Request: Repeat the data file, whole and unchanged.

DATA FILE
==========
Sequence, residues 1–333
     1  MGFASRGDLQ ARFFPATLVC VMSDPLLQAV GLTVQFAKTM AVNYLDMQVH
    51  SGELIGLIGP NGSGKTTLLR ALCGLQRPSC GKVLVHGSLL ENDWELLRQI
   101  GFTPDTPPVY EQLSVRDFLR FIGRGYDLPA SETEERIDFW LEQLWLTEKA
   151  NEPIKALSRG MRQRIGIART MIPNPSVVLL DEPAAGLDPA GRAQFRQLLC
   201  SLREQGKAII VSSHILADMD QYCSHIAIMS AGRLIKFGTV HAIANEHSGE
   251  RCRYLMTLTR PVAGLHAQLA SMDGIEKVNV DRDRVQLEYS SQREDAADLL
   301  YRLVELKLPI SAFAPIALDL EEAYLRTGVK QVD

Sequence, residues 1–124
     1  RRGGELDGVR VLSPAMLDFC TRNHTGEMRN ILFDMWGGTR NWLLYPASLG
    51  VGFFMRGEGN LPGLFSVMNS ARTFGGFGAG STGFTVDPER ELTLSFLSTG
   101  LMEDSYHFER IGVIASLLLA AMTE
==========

Sequence, residues 1–333
     1  MGFASRGDLQ ARFFPATLVC VMSDPLLQAV GLTVQFAKTM AVNYLDMQVH
    51  SGELIGLIGP NGSGKTTLLR ALCGLQRPSC GKVLVHGSLL ENDWELLRQI
   101  GFTPDTPPVY EQLSVRDFLR FIGRGYDLPA SETEERIDFW LEQLWLTEKA
   151  NEPIKALSRG MRQRIGIART MIPNPSVVLL DEPAAGLDPA GRAQFRQLLC
   201  SLREQGKAII VSSHILADMD QYCSHIAIMS AGRLIKFGTV HAIANEHSGE
   251  RCRYLMTLTR PVAGLHAQLA SMDGIEKVNV DRDRVQLEYS SQREDAADLL
   301  YRLVELKLPI SAFAPIALDL EEAYLRTGVK QVD

Sequence, residues 1–124
     1  RRGGELDGVR VLSPAMLDFC TRNHTGEMRN ILFDMWGGTR NWLLYPASLG
    51  VGFFMRGEGN LPGLFSVMNS ARTFGGFGAG STGFTVDPER ELTLSFLSTG
   101  LMEDSYHFER IGVIASLLLA AMTE